The Ph.D. program in Plant Biology provides training in basic scientific research in diverse aspects of plant biology, including developmental genetics, molecular regulation of gene expression, cell biology, plant-microbe interactions, ecological genomics, systematics and biogeography, and ecology of plant population and community dynamics.
Students in this research-oriented program complete rotations in at least two laboratories before settling in the lab where they complete their dissertation research. Students gain experience in teaching by serving as Graduate Teaching Assistants (GTAs) for undergraduate courses. Some semesters include a GTA assignment, while other semesters are devoted fully to research. Throughout the program, students making satisfactory progress toward their degree are funded by a stipend in the amount of $30,275 per year.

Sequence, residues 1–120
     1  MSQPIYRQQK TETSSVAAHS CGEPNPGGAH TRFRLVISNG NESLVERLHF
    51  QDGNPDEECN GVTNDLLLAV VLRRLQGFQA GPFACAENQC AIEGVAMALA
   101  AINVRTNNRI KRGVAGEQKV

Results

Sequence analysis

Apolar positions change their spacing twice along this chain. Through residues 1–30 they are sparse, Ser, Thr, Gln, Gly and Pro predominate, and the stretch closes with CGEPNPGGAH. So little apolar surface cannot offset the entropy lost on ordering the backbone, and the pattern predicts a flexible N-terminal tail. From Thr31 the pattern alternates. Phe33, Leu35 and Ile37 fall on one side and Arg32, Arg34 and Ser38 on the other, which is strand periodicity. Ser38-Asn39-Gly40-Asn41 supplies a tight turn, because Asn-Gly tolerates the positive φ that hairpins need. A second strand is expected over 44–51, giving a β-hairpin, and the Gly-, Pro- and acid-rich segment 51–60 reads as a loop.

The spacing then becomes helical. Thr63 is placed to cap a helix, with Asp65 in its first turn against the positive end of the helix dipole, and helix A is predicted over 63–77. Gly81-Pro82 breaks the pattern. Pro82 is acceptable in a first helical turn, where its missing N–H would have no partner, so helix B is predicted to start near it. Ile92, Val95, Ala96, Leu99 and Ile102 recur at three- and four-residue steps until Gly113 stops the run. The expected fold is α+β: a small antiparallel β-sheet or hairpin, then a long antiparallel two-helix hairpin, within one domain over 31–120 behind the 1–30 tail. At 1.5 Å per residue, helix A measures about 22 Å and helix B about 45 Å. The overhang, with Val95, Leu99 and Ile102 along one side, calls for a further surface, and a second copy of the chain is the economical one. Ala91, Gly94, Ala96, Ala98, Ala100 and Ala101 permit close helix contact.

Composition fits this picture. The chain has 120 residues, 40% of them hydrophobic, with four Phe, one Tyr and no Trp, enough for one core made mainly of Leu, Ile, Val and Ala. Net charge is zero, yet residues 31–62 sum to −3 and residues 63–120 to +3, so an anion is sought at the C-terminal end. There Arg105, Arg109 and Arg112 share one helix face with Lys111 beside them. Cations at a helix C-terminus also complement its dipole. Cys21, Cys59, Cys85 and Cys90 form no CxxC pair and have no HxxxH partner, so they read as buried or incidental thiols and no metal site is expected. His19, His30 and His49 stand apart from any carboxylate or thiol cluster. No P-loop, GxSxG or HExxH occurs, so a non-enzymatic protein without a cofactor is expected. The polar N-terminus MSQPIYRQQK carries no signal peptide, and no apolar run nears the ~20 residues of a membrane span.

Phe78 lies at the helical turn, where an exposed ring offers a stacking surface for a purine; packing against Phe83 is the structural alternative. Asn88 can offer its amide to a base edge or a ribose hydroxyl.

Learning Objectives for the Plant Biology Ph.D. Program
- Design, conduct, analyze, write up, and defend a research project addressing a previously unanswered question
- Compose a grant proposal
- Identify and apply for sources of funding for research or travel
- Critically evaluate and interpret scientific papers from the primary literature
- Communicate effectively to diverse audiences, both lay and scientific, through teaching, writing, mentoring, and scientific presentation